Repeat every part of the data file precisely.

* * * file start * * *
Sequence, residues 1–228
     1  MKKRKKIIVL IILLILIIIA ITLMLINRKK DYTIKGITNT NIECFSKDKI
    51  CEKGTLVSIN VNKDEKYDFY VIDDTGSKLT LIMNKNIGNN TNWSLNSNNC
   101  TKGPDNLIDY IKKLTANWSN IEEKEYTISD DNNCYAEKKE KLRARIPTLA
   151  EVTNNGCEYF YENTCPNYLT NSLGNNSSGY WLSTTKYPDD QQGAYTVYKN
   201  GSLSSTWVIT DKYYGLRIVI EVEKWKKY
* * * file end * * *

Sequence, residues 1–228
     1  MKKRKKIIVL IILLILIIIA ITLMLINRKK DYTIKGITNT NIECFSKDKI
    51  CEKGTLVSIN VNKDEKYDFY VIDDTGSKLT LIMNKNIGNN TNWSLNSNNC
   101  TKGPDNLIDY IKKLTANWSN IEEKEYTISD DNNCYAEKKE KLRARIPTLA
   151  EVTNNGCEYF YENTCPNYLT NSLGNNSSGY WLSTTKYPDD QQGAYTVYKN
   201  GSLSSTWVIT DKYYGLRIVI EVEKWKKY